A grandmother in a CNN article said, “What happened to Tiller was justified. He forfeited his life by taking the lives of innocent children.”
Is there some loophole whereby murder is defensible if it prevents the possible death of future beings? How much of that responsibility can you bestow upon yourself?
I freely admit that I do not intimately understand some of the arguments against abortion but I definitely don’t understand how, if life is sacred, killing is ever the solution? I understand disagreements and feeling frustrated with the current situation (Prop. 8, anyone?) but I will never quite understand vigilante justice. Maybe I just buy too much into this system that is supposed to work. I mean, isn’t part of being patriotic believing that America functions on some level? Isn’t part of the beauty of our country believing in the idea that we have the ability to change things through an accepted channel? Perhaps I just haven’t reached the point wherein I feel like I have no other options.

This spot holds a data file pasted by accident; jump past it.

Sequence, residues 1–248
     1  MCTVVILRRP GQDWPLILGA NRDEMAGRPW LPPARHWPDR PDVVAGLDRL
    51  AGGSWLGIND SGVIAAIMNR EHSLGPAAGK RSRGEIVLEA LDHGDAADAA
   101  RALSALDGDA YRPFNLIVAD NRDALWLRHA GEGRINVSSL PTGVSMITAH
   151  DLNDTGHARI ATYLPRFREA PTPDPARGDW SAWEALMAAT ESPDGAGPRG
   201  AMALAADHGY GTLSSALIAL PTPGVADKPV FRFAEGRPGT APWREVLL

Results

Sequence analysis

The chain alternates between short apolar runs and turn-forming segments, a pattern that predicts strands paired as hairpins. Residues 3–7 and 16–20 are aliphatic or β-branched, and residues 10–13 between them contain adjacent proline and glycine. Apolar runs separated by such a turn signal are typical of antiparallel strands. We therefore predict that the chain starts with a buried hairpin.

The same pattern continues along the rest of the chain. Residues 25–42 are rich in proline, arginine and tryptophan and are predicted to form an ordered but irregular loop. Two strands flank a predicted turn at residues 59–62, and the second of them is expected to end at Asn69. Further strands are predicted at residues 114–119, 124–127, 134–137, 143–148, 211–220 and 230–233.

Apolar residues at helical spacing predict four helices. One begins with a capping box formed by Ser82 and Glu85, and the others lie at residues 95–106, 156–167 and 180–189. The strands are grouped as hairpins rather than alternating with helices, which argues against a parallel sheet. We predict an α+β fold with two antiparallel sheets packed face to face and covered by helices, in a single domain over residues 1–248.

And, in that light, maybe this is a sign that something is seriously wrong. Although one incident can’t speak for the entirety, shouldn’t it be troubling that a segment of the population is resorting to violence to get their message across? Shouldn’t we be worried that people don’t have faith in our governmental processes to hammer these things out? As mad as I am about the whole Prop. 8 thing, for example, I refuse to believe that the solution lies outside the bounds of our established laws. After all, in many ways, doesn’t this situation represent something that Conservatives also decry? Terrorism?
This is not to say that all anti-abortionists are terrorists, of course. But I don’t know how you can argue that killing someone for something that they believe in is not a form of terrorism. Dress it up in all of the religious dogma that you want, and provide yourself with some kind of moral justification so you can sleep at night, but, at the end of the day, when you strip it down, you’ve committed an act of violence that you hoped, on some level, would deter someone else from performing or seeking an abortion. And the sad part is that you probably did your job.
Hell, I went through the same sort of fear when I agreed to take on this assignment. “Were people going to track me down and tell me that I was wrong for supporting this organization? Would I be judged? How much would my personal life be affected by my public life?” And, I suppose that there is always the thought, no longer so unfounded, “What if I were to die as a result of my involvement with Planned Parenthood?”
My teeth scraped over my lip as I thought about what this all meant. “I suppose,” I reasoned, “that if this somehow ended in my demise that at I would have at least died in the pursuit of something worthwhile.”